Jeff Kidder AZ Ranger Death Roscoe Wilson Republic 29 Dec 1968

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Jeff Kidder AZ Ranger Death Roscoe Wilson Republic 29 Dec 1968 - DEATH ON THE BORDER The Arizona Rangers,...
DEATH ON THE BORDER The Arizona Rangers, organized in 1901 and disbanded in 1909, were a group of unusually hardy and capable peace officers. Ranger Sgt. Jeff Kidder, one of the most seasoned gunmen of this group, rode into Nogales on April 1, 1908, put his horse in Al Peck's livery stable and walked up to the post office on Grand Avenue for his mail. Among the letters that Jeff received that day from Postmaster Bohall was one from his commanding officer, Capt. Harry Wheeler, informing him that his term of enlistment in the Rangers was about to expire and requesting him to come to headquarters at Bisbee to sign up for another term. The next day Jeff saddled up, rode out through the Patagonias and across the San Rafael Valley to John Sutherland's Bootjack Ranch. He spent the night there with old bachelor John. The following morning he rode through Montezuma Pass, in the south end of the Huachucas, and arrived at the little border town of Naco late in the afternoon. Here he learned from Customs Service line rider friends that Captain Wheeler and a couple of rangers were chasing horse thieves in the Chiricahua Mountains. This news left Jeff with time on his hands and he decided to spend a little of it in Naco. There was no eating place on the American side so he crossed the line into Naco, Sonora, and ate at the combination restaurant, saloon and gambling house. He was well acquainted with the people of Naco, Sonora, most of whom were customs or immigration officials, or rurales who maintained a barracks there. Jeff spoke Spanish fluently and passed the evening in a manner typical of the times, taking an occasional drink here and there, playing a few dollars on roulette or monte and, finally, about 1 o'clock on the morning of April 4 he decided to go back across the line. He stopped to talk with a couple of waitresses in the deserted restaurant where he had eaten his supper and just as he opened the door into the barroom he discovered that his money was gone from his pocket where he habitually carried it. Still standing in the doorway, he turned and accused one of the girls, Chia, of robbing him. Instantly Chia screamed, "Policia! Policia!" Two members of the Naco, Sonora, police department, Tomas Amador and Dolores Quiz, were drinking at the bar. When Chia screamed they turned, saw Jeff in the doorway and both pulled their guns. Amador fired a shot which entered Jeff's abdomen and came out through his back. Jeff fell to the floor, pulling his gun as he went down and returned the fire as he lay there. Although both Amador and Quiz emptied their guns at him, somehow none of their additional shots hit Jeff, while from his prone position, fatally wounded, he shot Quiz through the body and Amador in the leg, firing until his gun was empty. With the sound of the shooting, em- ployes of the cantina swarmed into the place and, as the bartender related it, would have killed Jeff had he (the bartender) not prevented it. It would seem, however, that fear of Jeff's gun was the principal restraint. With the two Mexican officers on the floor, their guns empty and their wounds being attended to by the em- ployes, Jeff reloaded his gun with shells from his pocket, dizzily gained his feet and staggered sidewise to the door, keeping his gun on the crowd as he went. He made it safely through the door but, weakened, sank to a sitting position on the steps where he remained for a few moments, hazily trying in the dark to get his bearings on the international fence. By the time Jeff reached the curb outside the door, all the rurales and policemen in Naco had been rounded up by the chief of police and, armed with rifles and pistols, they began blazing away at Jeff's shadowy form. Gritting his teeth, Jeff got to his feet and staggered about 75 yards towards the line, firing an occasional shot to keep his attackers at a distance. He did not know it, but he nicked the chief of police with one of his shots. He collapsed again, but after falling to the ground, purposely rolled over and over for about 20 feet before coming to rest. With bullets flying around him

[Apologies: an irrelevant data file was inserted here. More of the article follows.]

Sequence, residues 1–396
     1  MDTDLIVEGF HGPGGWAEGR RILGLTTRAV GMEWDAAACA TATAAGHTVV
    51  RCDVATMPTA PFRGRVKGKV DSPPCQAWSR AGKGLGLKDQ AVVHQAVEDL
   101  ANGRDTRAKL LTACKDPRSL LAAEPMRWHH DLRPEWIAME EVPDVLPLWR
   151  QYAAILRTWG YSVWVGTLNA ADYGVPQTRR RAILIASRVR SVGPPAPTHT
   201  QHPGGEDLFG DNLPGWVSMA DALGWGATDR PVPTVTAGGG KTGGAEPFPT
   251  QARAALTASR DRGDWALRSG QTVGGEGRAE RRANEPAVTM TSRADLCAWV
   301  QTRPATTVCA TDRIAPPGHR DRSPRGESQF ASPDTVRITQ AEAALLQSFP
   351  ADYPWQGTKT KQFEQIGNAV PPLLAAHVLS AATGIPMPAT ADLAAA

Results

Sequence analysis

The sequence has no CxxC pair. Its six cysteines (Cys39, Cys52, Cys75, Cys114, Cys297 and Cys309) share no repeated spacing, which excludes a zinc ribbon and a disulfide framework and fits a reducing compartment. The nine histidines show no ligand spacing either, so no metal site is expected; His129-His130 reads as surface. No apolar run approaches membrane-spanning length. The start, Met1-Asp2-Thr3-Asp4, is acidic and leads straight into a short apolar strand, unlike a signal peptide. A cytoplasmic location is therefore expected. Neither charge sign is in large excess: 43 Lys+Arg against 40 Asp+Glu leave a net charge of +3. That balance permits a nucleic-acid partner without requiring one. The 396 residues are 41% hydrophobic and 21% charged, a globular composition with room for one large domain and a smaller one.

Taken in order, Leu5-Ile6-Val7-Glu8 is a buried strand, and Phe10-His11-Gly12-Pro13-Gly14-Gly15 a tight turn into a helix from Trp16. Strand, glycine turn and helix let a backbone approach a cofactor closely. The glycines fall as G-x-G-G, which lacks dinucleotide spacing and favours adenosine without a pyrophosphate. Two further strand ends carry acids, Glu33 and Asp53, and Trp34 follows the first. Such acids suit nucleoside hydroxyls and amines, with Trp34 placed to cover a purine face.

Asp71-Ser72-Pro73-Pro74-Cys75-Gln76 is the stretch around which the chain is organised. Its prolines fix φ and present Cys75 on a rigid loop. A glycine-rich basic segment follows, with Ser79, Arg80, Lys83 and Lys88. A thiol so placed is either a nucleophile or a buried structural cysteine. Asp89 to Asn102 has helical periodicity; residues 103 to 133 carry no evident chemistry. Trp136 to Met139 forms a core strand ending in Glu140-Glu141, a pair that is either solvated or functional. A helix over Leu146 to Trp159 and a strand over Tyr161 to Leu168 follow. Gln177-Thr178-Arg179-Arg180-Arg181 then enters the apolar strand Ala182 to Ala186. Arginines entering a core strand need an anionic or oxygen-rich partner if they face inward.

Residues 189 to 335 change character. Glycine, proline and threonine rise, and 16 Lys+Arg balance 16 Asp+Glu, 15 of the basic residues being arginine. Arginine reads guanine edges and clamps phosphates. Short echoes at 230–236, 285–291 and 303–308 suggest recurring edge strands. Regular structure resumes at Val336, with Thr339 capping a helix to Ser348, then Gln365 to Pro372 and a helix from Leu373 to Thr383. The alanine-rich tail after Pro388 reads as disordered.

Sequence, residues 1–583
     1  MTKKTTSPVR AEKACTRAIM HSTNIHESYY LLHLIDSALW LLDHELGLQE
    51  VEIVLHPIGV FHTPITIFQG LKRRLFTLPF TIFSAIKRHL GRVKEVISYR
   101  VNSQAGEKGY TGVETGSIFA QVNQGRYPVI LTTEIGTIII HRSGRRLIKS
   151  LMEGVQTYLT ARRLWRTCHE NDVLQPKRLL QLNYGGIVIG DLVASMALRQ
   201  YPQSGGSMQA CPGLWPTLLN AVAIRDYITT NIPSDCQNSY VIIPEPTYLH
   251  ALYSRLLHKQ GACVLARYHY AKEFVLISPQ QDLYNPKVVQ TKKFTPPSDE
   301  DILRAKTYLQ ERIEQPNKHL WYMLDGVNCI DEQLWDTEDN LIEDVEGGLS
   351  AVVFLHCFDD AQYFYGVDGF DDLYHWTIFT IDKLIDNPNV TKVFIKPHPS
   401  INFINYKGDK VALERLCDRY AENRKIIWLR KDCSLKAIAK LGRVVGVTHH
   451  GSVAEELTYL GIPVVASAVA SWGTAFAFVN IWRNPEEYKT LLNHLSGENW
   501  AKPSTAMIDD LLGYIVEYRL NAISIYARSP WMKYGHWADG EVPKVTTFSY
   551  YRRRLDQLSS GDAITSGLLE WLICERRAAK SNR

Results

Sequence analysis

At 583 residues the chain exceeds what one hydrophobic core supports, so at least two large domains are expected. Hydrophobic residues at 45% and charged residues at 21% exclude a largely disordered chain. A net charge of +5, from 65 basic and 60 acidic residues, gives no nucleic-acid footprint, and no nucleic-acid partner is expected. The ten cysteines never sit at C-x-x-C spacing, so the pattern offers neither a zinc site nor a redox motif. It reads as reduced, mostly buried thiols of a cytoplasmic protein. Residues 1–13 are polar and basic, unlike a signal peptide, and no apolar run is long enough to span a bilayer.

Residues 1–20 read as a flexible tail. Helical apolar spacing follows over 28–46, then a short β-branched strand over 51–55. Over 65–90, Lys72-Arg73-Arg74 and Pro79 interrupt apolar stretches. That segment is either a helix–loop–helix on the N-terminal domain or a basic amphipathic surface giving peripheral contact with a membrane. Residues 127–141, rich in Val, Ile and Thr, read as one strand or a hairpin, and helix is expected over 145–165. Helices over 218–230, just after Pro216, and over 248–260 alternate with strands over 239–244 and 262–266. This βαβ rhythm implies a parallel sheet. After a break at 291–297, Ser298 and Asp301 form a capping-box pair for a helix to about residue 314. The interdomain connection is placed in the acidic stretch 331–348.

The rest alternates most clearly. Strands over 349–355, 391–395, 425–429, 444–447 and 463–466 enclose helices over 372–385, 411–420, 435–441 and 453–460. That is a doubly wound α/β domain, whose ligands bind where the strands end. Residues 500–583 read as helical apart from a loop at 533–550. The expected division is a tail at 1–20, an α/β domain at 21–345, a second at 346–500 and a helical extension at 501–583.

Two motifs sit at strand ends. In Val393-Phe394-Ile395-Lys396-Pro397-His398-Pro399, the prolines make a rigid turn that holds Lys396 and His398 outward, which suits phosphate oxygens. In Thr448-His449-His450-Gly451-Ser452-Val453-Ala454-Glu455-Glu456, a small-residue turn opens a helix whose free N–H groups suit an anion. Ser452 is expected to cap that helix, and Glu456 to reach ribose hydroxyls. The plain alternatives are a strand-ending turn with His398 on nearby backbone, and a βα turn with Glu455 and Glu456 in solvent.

Clipped from
  1. Arizona Republic,
  2. 29 Dec 1968, Sun,
  3. Page 189

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  • Jeff Kidder AZ Ranger Death Roscoe Wilson Republic 29 Dec 1968

    virgilalexander – 06 Dec 2014

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